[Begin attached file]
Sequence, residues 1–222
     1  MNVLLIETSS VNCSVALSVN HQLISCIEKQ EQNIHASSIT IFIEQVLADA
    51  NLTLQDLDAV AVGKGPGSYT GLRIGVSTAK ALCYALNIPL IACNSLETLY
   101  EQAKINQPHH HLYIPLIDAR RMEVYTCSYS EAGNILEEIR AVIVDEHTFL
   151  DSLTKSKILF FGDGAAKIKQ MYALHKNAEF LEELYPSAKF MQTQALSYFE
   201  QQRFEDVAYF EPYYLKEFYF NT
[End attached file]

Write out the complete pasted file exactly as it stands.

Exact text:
Sequence, residues 1–222
     1  MNVLLIETSS VNCSVALSVN HQLISCIEKQ EQNIHASSIT IFIEQVLADA
    51  NLTLQDLDAV AVGKGPGSYT GLRIGVSTAK ALCYALNIPL IACNSLETLY
   101  EQAKINQPHH HLYIPLIDAR RMEVYTCSYS EAGNILEEIR AVIVDEHTFL
   151  DSLTKSKILF FGDGAAKIKQ MYALHKNAEF LEELYPSAKF MQTQALSYFE
   201  QQRFEDVAYF EPYYLKEFYF NT